Christmas Food Traditions
We are starting to feel all Christmassy, you may think it took long enough, with Christmas just days away, but we have been busy catering for all your lovely Christmas dinners and soirees.
In today’s blog we are going to take the opportunity to reflect on the many dishes of Christmas. In my last post I gave some alternative suggestions to the traditional turkey Christmas dinner. But, of course what is tradition here in England is different in other countries….
Speaking of turkey, it wasn’t the Christmas Day dish of choice until around 1850, when it was introduced as the preferred dish of Royal courts in place of the previous favourite of roast swan!
I’ve taken a look at some of the most delicious and interesting Christmas food available:
Perhaps one of the most lavish and well-known traditions from Provence is the feast enjoyed on Christmas Eve, le réveillon de Noël. The food at this table is extremely luxurious and you can expect oysters, snails and lobster.
Families often spend a huge amount of money on this meal and as well as opulent meats and dishes in the main course thirteen desserts are served. ‘Trou normand” or “the Norman hole” which is an alcoholic drink served with an apple or pear sorbet, said to reawaken the appetite, is also served between courses!
Though some of the food sounds scrumptious, generally le réveillon de Noël is not something that appeals to me! The same goes for the traditional Inuit meal for Christmas in Greenland – kiviak. It is made of little auks (sea birds) fermented in a seal skin. It is said to take between four months and eighteen months to prepare!
Another unusual Christmas food trend hails from Japan… Surprisingly KFC is the meal of choice to celebrate Christmas. Apparently this started in the 70s as a result of a great advertising campaign. Well it stuck because approximately 3.6 million people are said to enjoy Kentucky Fried Chicken on December 25th…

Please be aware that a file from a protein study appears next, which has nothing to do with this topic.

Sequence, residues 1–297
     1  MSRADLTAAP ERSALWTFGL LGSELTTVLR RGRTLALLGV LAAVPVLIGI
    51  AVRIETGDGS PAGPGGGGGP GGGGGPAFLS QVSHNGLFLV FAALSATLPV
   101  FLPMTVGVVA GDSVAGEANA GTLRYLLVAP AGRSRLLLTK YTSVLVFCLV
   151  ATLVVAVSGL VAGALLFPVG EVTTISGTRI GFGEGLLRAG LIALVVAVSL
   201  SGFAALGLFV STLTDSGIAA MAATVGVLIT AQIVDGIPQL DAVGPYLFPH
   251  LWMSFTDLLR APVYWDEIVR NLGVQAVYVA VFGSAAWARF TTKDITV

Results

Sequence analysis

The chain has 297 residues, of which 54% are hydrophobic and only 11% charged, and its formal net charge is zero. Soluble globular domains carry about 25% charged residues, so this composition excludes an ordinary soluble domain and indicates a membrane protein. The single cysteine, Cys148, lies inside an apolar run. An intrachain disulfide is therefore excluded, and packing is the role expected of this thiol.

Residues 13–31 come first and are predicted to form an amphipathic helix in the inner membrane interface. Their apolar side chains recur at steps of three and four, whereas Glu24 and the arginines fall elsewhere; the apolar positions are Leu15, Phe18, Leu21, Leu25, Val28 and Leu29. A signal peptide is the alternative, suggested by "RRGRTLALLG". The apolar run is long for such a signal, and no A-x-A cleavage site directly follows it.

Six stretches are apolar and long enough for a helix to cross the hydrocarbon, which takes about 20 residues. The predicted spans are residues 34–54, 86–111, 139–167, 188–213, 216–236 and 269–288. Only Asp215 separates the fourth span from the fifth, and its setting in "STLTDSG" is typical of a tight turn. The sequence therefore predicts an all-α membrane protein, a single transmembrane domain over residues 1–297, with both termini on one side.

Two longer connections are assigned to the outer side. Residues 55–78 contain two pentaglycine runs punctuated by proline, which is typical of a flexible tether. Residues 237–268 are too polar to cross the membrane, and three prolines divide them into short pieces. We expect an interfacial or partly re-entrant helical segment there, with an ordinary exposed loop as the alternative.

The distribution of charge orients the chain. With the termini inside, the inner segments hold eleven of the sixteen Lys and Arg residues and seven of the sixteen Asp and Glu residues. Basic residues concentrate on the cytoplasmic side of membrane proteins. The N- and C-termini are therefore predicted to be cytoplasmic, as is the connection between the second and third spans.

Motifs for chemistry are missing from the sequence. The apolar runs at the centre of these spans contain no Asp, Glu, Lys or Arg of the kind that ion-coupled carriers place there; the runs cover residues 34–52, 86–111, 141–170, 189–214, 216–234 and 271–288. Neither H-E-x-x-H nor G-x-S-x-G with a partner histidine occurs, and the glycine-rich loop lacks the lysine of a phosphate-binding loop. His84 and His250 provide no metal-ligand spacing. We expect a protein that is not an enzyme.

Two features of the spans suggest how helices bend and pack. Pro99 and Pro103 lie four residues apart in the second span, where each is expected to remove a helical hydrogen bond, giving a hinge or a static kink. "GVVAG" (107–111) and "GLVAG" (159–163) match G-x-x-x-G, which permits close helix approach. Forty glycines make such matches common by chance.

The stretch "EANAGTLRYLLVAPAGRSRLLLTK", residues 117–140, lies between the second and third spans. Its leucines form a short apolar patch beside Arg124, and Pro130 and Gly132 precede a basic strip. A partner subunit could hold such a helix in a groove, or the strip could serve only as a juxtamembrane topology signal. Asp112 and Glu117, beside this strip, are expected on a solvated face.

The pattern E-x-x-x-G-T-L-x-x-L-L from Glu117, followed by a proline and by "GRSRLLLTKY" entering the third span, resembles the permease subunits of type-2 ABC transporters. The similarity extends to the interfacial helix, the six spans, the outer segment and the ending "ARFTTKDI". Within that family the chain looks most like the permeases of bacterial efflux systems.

Most Slavic countries follow the Julian calendar as Orthodox Christians. This means that they celebrate Christmas Eve and Christmas Day two weeks behind us, on the 6th and 7th January. In the Ukraine they don’t eat meat for advent and Christmas Eve is the last meatless meal of Advent. So after midnight mass they feast and break the meatless fast.
The meal is known as Sviaty Vechi and like in Provence, thirteen dishes are enjoyed to symbolise Christ and the apostles. These dishes range from soups like borshch to fish and cabbage and beans. Pickled herring is popular too as the silver colour and scales are meant to symbolise forthcoming good luck and prosperity. Sauerkraut is another popular choice and is prominent as it signifies wealth in the coming year. Freshly baked breads with a clove of fresh garlic and honey are enjoyed along with stewed fruits and compote.
I’ll be serving turkey at home with all the trimmings, but whatever you are doing and eating, I hope you have a great one.
Merry Christmas to you all and thanks for your support this year. Here’s to a great 2018.